National School Transportation Association (NSTA) members returned to Washington, D.C., this month to engage with elected officials and policymakers for the first time since the COVID-19 pandemic canceled the annual visits.
This year’s Capitol Hill Bus-in took place from April 5 to April 8 and gave participants the opportunity to hear from U.S. Environmental Protection Agency, Federal Motor Carrier Safety Administration, and National Highway Traffic Safety Administration representatives. A press release, NSTA noted that EPA officials outlined the Clean School Bus Program, which is a $5 billion grant designed to upgrade school buses to zero or low emission vehicles that is scheduled to begin this month. The program is part of the Infrastructure Investment and Jobs Act (IIJA) that President Joe Biden signed into law on Nov. 15.
Also included in the IIJA were provisions of the STOP for School Buses Act, which was filed in response to the tragic and fatal school bus crash that occurred in Rochester, Indiana on Oct. 30, 2018. Three siblings were killed and another child was injured by an illegally passing motorist while attempting to board their school bus.
Related: Federal School Bus STOP Act Included in House, Senate Transportation Reauthorization Bills
Related: NSTA Annual Capitol Hill Bus-In Advocates for the ‘STOP Act’
Related: Indiana Woman Convicted of Killing 3 Siblings Released from Prison
Related: Colorado Senate Approves $5.5M to Improve School Bus Safety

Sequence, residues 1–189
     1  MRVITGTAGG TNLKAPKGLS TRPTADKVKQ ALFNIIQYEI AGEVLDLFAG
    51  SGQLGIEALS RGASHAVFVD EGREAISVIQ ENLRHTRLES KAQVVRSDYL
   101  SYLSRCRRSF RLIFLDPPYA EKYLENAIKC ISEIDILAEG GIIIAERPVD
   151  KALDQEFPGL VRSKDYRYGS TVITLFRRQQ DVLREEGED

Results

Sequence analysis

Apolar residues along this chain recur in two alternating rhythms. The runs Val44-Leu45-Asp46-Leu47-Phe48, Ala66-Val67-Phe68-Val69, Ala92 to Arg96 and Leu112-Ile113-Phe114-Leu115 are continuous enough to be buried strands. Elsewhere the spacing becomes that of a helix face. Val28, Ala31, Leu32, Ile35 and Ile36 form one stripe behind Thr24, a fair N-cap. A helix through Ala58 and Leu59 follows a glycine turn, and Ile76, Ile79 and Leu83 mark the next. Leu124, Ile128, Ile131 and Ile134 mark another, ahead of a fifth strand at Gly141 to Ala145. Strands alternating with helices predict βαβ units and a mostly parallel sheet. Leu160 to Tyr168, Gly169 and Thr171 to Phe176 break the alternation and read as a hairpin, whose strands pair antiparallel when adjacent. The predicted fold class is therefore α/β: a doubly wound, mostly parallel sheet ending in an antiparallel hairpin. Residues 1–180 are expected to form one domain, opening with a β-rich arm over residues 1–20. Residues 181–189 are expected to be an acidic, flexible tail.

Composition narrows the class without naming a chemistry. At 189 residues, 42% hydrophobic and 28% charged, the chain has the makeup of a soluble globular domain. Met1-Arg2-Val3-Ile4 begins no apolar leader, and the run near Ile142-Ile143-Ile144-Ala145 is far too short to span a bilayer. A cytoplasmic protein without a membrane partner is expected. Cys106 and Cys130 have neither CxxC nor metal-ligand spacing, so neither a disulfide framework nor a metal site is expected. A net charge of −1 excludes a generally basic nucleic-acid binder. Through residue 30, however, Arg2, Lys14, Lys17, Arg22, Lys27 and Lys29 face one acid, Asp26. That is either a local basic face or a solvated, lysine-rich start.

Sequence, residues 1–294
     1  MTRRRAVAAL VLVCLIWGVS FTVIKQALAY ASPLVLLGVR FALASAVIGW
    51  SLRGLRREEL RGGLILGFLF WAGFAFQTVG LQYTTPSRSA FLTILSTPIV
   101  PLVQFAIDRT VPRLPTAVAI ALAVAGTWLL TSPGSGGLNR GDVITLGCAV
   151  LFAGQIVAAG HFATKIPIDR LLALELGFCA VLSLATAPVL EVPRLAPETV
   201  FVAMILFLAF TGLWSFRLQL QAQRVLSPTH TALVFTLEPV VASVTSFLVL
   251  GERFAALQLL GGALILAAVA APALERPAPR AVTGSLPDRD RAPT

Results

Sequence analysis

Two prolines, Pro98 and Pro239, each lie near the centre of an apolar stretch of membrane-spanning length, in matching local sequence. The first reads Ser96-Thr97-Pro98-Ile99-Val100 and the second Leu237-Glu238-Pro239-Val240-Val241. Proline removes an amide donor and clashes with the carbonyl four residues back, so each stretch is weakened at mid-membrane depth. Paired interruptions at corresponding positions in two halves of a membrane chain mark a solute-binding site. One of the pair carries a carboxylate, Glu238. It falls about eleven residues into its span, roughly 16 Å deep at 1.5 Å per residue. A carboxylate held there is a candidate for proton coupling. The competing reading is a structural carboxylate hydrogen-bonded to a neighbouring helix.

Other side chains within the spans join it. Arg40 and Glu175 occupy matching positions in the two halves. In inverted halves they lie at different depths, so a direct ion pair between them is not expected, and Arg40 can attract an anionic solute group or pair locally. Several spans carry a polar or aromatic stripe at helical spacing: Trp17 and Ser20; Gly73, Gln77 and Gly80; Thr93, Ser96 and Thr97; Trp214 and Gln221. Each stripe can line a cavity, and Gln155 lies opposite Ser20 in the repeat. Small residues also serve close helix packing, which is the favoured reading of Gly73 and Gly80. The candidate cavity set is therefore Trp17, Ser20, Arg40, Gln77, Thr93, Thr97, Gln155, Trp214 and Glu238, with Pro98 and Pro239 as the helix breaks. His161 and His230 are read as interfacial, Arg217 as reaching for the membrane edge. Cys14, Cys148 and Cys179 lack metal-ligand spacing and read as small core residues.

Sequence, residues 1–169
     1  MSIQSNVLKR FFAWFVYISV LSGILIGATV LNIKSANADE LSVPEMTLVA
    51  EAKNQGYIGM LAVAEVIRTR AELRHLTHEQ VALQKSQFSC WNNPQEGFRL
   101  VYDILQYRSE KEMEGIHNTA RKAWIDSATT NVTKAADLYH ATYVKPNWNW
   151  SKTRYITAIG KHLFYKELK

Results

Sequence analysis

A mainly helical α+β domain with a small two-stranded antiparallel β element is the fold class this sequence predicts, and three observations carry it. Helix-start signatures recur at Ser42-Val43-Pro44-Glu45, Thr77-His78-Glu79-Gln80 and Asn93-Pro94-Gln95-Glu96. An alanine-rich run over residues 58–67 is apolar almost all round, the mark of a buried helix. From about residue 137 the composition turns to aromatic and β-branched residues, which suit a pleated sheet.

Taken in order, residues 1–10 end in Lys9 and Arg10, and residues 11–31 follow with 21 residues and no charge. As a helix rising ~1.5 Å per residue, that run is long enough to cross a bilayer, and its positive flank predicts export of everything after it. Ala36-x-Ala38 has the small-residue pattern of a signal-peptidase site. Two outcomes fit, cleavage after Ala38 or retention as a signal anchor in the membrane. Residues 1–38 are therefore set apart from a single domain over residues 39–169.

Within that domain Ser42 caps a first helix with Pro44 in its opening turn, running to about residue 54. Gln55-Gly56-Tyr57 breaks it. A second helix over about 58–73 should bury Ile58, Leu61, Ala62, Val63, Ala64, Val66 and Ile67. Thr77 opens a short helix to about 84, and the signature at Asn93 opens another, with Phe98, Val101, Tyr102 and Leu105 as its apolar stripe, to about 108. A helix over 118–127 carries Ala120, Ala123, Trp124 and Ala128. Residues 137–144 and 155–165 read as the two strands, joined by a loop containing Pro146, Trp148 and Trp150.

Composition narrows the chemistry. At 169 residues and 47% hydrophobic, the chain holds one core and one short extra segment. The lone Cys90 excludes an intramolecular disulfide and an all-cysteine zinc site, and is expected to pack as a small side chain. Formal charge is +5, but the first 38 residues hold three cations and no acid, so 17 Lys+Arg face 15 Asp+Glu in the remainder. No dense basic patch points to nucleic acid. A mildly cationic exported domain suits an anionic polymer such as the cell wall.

Related: Private School Bus Operators Eye $2B in Additional Small Business Relief
NSTA recognized the prime sponsors of the STOP Act, Sens. Gary Peters and Todd Young, and Reps. Julia Brownley and Jackie Walorski, by awarding them with the Bronze Bus Legislative Champion Award.
“NSTA’s return to Washington was a success, as evidenced by record attendance and an increase in association membership in recent weeks and months. We are grateful for the participation of our members and the support of our federal Agency partners, who provided us with key information on programs under their purview that directly impact student transportation,” stated NSTA President Carina Noble.
Attendees also heard from panelists at a session, “Working with your State Legislatures – Coordination between State and National Associations.” Cherie Hime, executive director of the Wisconsin School Bus Association, spoke alongside NSTA Executive Director Curt Macysyn, NSTA counsel Rich Kelly, Esq., on the importance of collaboration between national and state partners, and how coordination can lead to successful legislative and regulatory outcomes.
“This three-day event provided an opportunity for private school bus operators to hear directly from policy-makers, as pupil transportation continues to rebound from the effects of the COVID-19 pandemic,” Macysyn added.
He said he is looking forward to having more industry engagement at the association’s Annual Meeting and Convention July 24-27 in Niagara Falls, New York.